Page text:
Published on Nov 22, 2017
Medically reviewed by Vera Rulon, MS, RHIT
When you go to your doctor’s surgery, you may have noticed that you have seen your doctor but only for a short time at the end of your visit. As a matter of fact, a study showed that doctors spend only a few minutes per patient, including post-visit case work outside the examination room.
Healthcare today is much more complex. It takes a team approach to provide the best care. When caring for patients, general practitioners often coordinate treatment across a range of specialists, providers, and facilities. Although led by a physician, the healthcare team is multidisciplinary – this means that it includes a range of supportive and licensed providers who are involved not only in providing care services but also in ensuring access, coordination, and continuity of care to all patients.
You may have also noticed that while you are in the doctor’s surgery, you actually see a number of different people before and after you see your doctor. Your doctor can’t do it all by him or herself, and there may be many other healthcare professionals who have specific roles in helping you take care of your health. These professionals are there to help make sure that you not only get the information you need, but also the best care possible. You just need to know who they are and what they do.
According to Chetna Bhattacharyya, M.D., Senior Director of Medical Affairs at Pfizer, ideally doctors act in the best interest of their patients to maintain their patient’s physical and mental health. These professionals oversee your care by applying their medical knowledge and skills to diagnose, help prevent, and manage diseases and injuries. They also develop a care plan with you.
“Doctors may also refer you to a wide range of other healthcare professionals,” says Dr. Bhattacharyya. For example, if you have a chronic condition or a specific disease, you may need to see one or more specialists. If you have diabetes you may need to see an endocrinologist, a specialist in the endocrine or hormonal system. If you have rheumatoid arthritis, you may need to see a rheumatologist. Cancer patients see oncologists – these are professionals who specialise in treating cancer. In some instances, your doctor may also refer you to an allied health professional such as a physical therapist to help you recover from an injury or a disease.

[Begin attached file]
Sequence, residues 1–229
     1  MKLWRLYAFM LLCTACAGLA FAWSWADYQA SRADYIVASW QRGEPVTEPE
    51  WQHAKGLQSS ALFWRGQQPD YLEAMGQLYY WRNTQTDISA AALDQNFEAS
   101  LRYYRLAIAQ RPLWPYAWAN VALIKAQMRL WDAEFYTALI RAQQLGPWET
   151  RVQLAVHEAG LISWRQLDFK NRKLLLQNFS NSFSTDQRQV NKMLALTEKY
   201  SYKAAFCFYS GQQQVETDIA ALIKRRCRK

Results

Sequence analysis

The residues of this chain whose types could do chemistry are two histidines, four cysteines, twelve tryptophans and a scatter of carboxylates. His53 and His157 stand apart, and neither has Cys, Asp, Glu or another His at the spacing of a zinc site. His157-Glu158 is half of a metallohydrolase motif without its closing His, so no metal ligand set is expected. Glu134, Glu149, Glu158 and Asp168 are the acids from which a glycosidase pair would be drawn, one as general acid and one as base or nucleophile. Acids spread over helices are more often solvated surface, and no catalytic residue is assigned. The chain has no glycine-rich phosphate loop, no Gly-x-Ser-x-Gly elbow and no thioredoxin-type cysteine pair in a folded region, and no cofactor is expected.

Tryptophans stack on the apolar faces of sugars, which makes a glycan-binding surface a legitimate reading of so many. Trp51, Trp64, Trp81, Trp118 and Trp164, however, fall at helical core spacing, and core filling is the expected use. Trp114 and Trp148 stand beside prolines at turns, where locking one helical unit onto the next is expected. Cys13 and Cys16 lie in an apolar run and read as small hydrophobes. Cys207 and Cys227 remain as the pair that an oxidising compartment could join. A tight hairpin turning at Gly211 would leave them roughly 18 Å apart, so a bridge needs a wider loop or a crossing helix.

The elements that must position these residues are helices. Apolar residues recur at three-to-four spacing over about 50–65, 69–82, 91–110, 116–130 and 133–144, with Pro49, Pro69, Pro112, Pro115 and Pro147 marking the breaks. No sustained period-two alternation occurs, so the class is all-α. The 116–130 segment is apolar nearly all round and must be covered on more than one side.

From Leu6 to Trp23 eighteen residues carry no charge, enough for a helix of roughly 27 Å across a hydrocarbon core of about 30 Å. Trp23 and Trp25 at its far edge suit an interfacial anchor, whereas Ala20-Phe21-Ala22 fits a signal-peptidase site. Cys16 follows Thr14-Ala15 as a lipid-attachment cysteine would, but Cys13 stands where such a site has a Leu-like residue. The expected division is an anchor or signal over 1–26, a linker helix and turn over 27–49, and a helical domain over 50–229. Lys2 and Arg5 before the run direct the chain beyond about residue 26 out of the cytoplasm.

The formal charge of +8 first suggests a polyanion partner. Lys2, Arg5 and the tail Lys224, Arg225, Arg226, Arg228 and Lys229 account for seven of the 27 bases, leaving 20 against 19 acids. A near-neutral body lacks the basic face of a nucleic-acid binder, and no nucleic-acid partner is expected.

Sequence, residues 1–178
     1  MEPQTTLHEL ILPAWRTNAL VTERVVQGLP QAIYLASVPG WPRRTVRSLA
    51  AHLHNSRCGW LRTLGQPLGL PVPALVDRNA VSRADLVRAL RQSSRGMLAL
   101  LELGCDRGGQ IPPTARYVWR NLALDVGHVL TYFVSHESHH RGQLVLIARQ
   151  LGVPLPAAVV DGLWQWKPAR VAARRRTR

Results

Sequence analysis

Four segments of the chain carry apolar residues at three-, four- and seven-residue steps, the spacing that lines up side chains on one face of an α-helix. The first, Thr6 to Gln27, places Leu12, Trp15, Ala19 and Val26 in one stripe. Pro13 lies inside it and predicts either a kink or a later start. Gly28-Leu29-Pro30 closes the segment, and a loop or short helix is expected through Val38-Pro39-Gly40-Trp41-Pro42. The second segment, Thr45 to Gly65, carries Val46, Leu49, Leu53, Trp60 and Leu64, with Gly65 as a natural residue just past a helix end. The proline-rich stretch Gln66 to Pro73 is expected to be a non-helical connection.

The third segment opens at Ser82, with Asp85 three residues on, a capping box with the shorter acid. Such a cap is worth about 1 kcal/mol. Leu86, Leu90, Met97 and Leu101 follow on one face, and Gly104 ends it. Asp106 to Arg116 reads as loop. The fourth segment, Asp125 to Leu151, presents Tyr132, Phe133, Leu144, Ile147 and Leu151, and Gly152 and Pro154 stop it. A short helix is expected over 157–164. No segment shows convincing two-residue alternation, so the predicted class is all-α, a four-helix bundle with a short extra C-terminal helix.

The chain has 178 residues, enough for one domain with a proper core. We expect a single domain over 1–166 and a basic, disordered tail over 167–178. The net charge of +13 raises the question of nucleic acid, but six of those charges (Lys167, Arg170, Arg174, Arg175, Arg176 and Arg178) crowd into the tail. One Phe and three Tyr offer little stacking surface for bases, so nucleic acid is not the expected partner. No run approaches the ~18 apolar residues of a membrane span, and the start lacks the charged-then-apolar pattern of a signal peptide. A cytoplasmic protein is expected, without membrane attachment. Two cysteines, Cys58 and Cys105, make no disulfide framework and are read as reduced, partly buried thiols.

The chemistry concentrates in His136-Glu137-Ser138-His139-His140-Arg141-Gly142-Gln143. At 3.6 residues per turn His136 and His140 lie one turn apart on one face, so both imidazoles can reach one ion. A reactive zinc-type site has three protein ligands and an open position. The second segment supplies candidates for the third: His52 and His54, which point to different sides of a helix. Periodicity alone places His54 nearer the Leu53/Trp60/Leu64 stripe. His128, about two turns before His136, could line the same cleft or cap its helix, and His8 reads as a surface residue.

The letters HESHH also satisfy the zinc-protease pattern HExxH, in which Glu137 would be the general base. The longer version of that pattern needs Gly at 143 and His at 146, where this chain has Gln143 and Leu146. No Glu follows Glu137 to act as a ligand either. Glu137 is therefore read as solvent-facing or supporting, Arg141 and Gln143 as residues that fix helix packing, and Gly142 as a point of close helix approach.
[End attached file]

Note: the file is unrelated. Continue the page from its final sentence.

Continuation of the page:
Nurses provide and coordinate patient care by working with a wide array of healthcare professionals. Nurses can perform physical exams, administer medications, gather vital signs, capture any symptoms you may be experiencing, interpret patient information and conduct research. According to Stella Schloss, BSN, CPQA, Director Customer Strategy and Solutions at Pfizer and former quality care manager, nurses play a vital role because they can also help you understand your condition and manage your health, as well as be an advocate for your care. They support the overall efficiency and quality of care provided to patients. Be sure to communicate your symptoms and concerns with your nurse.
Because of the time constraints that most doctors face, the role of “physician extenders” has become more prevalent. In some parts of Australia and New Zealand, you may see nurse practitioners in doctors’ surgeries, outpatient clinics, and hospitals. Nurse practitioners typically work under the supervision of a licensed doctor to provide patient care. They can examine, diagnose and treat patients, prescribe medications, order and interpret laboratory tests and other diagnostic procedures within the scope of their area of specialty.”
Your pharmacist is also an important member of your healthcare team. Learn how to work with your pharmacist in managing your medications, especially if you have multiple prescriptions. Pharmacists can provide recommendations on over the counter medicines and can also provide advice if you need to escalate your concerns to your doctor.
Sraddha Thapa, PharmD, Associate Director of Medical Information at Pfizer and past practicing pharmacist, believes that the pharmacist can be another resource for medical information that you may need regarding your prescriptions or general questions about medications. “In addition to consulting patients on medications, certain pharmacists are trained to provide services such as quitting smoking and blood pressure, diabetes, and cholesterol management,” says Dr. Thapa. “Please don’t be shy about engaging your local pharmacist with your medical questions or concerns.”
All of these healthcare professionals and others work together to coordinate the delivery of your health care, but the most important member of your healthcare team is you. By participating in your healthcare, taking your medicines as prescribed, and working with your healthcare team, you can improve or maintain your health.
It is OK to ask your healthcare team questions, such as:
We are living in an age where healthcare professionals’ time is short. So, it is recommended that you make a habit of going to your medical appointments prepared.
Here are some ways to do that:
While you might expect to receive care from your doctor only, it may be a nurse/nurse practitioner, or pharmacist providing your care. Keep in mind that sometimes it takes a team of people to help you manage a health condition. Know the key players in your healthcare team, and understand what they do. After all, your health is important and you can’t manage it alone.
Vera Rulon, MS, RHIT, was the Director of Strategic Communications within Pfizer Medical.
Last reviewed: 08/10/2019
-Better Health Channel
-Ministry of Health